A streaky female Reed Bunting appeared first, on one of the pillars. Then a male flew in, already getting its black hood, quickly followed by a second male. We watched them feeding round the trees under the feeders.

Reed Bunting

Reed Bunting – one of the two males coming to the seed on the bridge

While we watched all the comings and goings of all the birds at the bridge, we scanned the trees above the pool just beyond. There have been Common Crossbills coming to drink here in recent days, but there was no sign of any here this afternoon. It was very wet now in the rain, and having had good views of a Hawfinch from the gate we opted against walking round the paddocks where which was more exposed to the wind. We decided to call it a day and head back.

When we got to the top of the hill, we heard Crossbills calling and looked over to see two fly out towards us over the Arboretum. They turned over the path and looked to be heading towards one of the isolated deciduous trees on the grassy hillside. We hurried up to where we could see where they had gone and there they were, perched in the top of one of the trees. We got them in the scope, the smart red male Crossbill first, and when it dropped down, we looked over at the grey-green female. It was windy in the tops, and after flying round and landing again a couple of times, the male flew off, followed by the female.

That was a nice way to end the day – despite the at times difficult weather, we had seen most of the Brecks specialities we had hoped to catch up with today. Time to head for home and dry.

6th Mar 2019 – Back to the Brecks

A Private Tour today, down in the Brecks. It was raining first thing this morning and even though it had stopped by the time we arrived, it was still mostly cloudy, grey and rather cool, with a moderate wind which was rather gusty later in the afternoon.

Our first destination was Santon Downham. We parked at the Forestry Commission car park and, as we walked down towards the river, we stopped to look at the garden with the feeders. There were lots of Bramblings and Siskins in the trees, coming down to the ground and hanging on the feeders. There are several smart males now, with increasingly black heads as the pale fringes wear away.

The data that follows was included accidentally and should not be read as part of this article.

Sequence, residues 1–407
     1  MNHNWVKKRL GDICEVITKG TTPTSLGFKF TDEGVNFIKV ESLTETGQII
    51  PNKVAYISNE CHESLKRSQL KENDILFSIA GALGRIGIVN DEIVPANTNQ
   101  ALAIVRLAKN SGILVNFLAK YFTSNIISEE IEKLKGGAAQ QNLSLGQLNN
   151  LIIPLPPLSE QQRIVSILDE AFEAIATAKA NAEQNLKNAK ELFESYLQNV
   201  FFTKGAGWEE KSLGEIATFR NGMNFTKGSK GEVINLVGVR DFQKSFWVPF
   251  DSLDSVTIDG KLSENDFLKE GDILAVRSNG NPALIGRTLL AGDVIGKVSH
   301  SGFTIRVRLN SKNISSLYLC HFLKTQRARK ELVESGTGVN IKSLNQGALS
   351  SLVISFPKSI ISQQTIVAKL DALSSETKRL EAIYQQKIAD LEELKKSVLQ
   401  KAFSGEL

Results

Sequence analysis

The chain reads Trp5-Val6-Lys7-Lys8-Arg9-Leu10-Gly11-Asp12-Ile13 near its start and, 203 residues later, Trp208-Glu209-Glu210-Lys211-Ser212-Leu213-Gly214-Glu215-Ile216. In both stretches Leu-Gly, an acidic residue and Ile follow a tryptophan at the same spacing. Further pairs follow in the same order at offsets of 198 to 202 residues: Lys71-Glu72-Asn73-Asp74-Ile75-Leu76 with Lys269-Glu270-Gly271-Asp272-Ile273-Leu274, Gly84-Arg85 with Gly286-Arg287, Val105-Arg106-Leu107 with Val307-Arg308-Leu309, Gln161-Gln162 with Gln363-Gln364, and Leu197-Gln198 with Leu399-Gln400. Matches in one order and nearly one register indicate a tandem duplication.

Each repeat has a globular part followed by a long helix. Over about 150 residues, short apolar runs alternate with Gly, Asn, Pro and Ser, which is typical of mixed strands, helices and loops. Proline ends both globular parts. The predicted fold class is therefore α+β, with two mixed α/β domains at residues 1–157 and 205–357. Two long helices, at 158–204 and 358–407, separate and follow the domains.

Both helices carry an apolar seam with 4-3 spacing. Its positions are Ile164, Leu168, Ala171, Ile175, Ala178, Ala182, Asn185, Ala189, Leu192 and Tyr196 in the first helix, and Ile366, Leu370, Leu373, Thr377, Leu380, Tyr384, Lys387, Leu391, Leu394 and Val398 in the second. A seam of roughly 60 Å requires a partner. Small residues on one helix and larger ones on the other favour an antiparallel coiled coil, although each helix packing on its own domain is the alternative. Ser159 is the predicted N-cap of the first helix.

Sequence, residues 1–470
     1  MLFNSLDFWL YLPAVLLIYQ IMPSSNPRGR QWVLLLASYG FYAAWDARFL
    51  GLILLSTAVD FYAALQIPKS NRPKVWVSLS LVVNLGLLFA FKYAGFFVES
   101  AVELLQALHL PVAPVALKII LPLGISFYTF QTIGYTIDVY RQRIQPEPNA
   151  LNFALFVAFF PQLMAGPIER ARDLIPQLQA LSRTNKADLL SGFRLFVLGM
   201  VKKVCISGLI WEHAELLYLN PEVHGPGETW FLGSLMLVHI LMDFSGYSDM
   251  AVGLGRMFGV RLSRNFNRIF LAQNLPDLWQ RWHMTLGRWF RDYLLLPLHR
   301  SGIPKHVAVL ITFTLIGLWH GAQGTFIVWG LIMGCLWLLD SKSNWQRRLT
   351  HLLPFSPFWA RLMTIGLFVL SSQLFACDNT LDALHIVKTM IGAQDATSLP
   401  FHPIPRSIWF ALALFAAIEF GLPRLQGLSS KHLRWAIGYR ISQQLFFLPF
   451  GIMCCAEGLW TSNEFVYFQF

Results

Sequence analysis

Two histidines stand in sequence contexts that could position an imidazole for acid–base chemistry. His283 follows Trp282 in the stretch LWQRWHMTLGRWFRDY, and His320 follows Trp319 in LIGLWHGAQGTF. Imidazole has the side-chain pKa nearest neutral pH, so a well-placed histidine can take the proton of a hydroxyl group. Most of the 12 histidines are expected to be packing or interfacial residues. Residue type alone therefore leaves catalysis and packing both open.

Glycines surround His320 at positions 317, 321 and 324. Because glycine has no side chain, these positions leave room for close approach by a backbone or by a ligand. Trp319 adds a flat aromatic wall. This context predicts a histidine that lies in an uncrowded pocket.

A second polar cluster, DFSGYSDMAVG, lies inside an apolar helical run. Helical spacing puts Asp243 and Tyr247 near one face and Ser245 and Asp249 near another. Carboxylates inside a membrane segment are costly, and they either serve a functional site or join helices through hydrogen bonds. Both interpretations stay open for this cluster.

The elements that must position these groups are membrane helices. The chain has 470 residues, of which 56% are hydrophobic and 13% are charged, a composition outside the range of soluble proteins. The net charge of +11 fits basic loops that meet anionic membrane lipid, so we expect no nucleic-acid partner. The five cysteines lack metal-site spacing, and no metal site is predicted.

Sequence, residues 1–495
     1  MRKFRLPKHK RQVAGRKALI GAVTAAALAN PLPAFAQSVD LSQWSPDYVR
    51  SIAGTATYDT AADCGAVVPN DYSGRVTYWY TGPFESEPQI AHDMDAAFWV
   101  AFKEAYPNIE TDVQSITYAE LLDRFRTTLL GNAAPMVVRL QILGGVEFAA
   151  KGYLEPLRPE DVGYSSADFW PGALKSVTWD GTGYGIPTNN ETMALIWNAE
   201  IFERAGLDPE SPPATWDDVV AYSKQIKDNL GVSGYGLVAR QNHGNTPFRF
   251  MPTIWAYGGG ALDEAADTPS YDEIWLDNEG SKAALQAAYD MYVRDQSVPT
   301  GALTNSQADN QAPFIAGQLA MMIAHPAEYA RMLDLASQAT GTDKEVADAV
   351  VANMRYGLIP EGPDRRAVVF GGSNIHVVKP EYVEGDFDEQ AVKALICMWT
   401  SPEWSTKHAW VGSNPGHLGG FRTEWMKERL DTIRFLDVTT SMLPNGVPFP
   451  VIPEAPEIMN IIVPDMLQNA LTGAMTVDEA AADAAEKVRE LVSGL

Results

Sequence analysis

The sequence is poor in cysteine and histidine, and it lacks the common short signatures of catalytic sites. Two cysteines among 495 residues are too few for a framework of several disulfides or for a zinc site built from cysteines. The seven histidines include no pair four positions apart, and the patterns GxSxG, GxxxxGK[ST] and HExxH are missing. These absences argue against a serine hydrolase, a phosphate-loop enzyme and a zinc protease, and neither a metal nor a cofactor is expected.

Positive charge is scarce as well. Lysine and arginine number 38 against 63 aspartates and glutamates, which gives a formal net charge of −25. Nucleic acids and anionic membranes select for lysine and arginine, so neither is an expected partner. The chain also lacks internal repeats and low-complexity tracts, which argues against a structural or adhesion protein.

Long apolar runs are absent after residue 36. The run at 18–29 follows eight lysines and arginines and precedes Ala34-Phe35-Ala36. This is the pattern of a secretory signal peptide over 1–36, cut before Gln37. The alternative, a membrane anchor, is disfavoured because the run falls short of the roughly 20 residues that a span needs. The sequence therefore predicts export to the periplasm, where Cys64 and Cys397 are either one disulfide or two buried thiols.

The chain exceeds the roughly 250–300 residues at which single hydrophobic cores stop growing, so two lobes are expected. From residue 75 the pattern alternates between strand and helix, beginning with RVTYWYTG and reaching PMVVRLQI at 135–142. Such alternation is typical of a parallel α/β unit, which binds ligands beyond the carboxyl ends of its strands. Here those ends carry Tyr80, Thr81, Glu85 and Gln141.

Bramblings

Bramblings – coming down to the ground under the feeders

As we turned onto the path along the river bank, we heard a Grey Wagtail call and saw it fly off downstream from under the bridge. A short distance further on, we found it again together with a second Grey Wagtail, a pair, feeding on the vegetation around a large branch which had fallen into the river. We could see the blacker throat of the male.

Grey Wagtails

Grey Wagtail – a pair, feeding along the river

We heard a Treecreeper calling and found it feeding low down in the willows on the edge of the meadow. We watched it working its way up the short trunks before flying down and starting up the next one. A little further on, we came across another pair of Treecreepers on the larger alders along the river bank.

There were lots of Siskins along the river, calling as they flew overhead. We looked down at the path just ahead of us and a pair of Siskins were feeding on the edge where lots of alder catkins had fallen. They were very approachable – we might almost have trodden on them had we not seen them first! The male was particularly stunning – a mixture of yellow, green and black.

Siskin

Siskin – a pair were feeding on the path along the river

A Water Rail flew out from the edge of the water down below the bank and zipped across the river before running up the bank into the vegetation. We would see a couple along the river today – it was rather quiet here this morning with few people out possibly due to the early rain.